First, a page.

OK, one cool video deserves another this Friday! Here is a really cool view of Phobos in the foreground with gigantic (but very distant) Jupiter sitting in the background, a fortuitous alignment that the Mars Express High-Resolution Stereo Camera team took advantage of on June 1:
ESA/DLR/FU Berlin (G. Neukum)
Phobos and Jupiter
On June 1, 2001, Mars Express watched as Phobos (the inner and larger of Mars' two moons) slipped past distant Jupiter. Phobos is only 23 kilometers in diameter, while Jupiter is 142,000 kilometers across! The image has been rotated from the original so that the south pole of Phobos is down. Stickney crater takes a bite out of the moon to the left.
This photo was just one of a series of 104 that they captured, which they also released as an animation:
ESA / DLR / FU Berlin (G. Neukum)
Phobos slips past Jupiter
On June 1 2001, Mars express watched as Phobos (the inner and larger of Mars' two moons) slipped past distant Jupiter. Mars Express is studying Phobos to help the Russian Phobos-Grunt mission prepare to land on the moon and grab a sample for return to Earth.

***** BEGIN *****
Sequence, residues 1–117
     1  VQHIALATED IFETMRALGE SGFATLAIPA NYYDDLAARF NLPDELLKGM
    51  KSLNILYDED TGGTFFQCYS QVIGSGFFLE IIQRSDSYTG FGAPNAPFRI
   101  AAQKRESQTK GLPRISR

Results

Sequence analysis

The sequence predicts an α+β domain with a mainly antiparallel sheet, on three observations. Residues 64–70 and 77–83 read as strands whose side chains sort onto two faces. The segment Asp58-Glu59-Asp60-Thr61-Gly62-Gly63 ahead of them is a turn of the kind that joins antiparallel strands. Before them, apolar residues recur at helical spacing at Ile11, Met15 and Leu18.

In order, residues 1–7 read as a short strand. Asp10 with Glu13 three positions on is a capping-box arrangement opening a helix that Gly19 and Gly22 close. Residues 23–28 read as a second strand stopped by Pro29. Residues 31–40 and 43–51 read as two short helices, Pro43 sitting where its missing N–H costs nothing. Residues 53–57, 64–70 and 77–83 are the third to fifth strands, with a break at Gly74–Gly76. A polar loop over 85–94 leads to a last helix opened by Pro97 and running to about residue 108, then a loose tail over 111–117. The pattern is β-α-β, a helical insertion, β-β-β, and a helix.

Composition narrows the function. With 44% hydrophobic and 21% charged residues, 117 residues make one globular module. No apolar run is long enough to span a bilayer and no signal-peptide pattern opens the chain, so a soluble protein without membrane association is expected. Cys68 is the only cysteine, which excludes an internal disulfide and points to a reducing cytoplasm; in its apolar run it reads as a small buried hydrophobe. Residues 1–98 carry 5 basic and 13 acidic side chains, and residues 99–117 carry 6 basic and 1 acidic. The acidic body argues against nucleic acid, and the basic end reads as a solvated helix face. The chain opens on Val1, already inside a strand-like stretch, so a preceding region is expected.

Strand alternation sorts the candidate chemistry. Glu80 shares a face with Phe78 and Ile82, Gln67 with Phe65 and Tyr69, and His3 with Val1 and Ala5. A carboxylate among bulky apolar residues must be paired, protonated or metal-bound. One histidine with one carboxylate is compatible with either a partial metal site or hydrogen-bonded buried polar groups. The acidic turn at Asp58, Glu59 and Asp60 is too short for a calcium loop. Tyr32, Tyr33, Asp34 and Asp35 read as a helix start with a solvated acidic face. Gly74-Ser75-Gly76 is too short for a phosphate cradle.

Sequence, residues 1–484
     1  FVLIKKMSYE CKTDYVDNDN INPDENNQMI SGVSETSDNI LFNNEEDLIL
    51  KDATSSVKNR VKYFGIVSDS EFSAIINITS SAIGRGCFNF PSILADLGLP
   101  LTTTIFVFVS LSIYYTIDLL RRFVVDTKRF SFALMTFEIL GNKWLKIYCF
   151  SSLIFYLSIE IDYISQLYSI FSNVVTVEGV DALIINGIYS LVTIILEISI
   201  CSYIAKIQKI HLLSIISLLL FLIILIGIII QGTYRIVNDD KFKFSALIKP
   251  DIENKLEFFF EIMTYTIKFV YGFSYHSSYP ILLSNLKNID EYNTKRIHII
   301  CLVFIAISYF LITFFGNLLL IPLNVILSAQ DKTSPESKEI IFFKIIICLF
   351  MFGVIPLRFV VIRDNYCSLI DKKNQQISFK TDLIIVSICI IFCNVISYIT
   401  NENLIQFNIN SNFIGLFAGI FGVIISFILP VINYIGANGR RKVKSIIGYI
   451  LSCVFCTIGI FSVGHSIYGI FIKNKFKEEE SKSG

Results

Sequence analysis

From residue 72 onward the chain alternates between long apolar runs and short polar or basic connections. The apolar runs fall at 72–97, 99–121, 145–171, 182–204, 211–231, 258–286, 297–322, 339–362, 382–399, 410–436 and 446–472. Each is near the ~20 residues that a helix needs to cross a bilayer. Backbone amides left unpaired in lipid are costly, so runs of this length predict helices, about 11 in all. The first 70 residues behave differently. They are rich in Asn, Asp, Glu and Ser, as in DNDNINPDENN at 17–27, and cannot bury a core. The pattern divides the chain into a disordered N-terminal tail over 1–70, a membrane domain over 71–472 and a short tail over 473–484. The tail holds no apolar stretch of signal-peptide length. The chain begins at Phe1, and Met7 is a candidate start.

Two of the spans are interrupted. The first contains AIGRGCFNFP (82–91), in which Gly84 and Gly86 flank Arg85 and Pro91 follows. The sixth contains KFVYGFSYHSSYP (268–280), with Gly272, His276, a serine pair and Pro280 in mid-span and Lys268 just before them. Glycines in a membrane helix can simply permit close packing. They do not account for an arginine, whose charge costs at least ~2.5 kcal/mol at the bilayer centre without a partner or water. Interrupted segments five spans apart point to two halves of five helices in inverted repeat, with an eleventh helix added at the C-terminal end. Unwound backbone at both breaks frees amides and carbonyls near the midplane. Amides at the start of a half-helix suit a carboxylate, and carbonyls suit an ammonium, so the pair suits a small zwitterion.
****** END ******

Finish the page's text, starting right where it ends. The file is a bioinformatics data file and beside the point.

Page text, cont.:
Apart from being cool, this set of images will help astronomers refine their understanding of the path of Phobos' orbit around Mars, which varies with time because of Phobos' small mass and extreme proximity to its planet.
By the way, this image really reminds me of another recent one of ESA's with a lumpy body in the foreground and a giant planet in the background:
ESA 2010 MPS for OSIRIS Team MPS / UPD / LAM / IAA / RSSD / INTA / UPM / DASP / IDA / color composite by Gordan Ugarkovic
Lutetia and Saturn, in color
As Rosetta flew past Lutetia, a bright ringed planet passed through its field of view -- Saturn! This version has been artificially colorized.
Our LightSail test mission was successfully completed and our Kickstarter campaign ended June 26th, raising $1.24 million dollars for LightSail's 2016 solar sailing mission! Miss the Kickstarter campaign, but still want to donate? You can!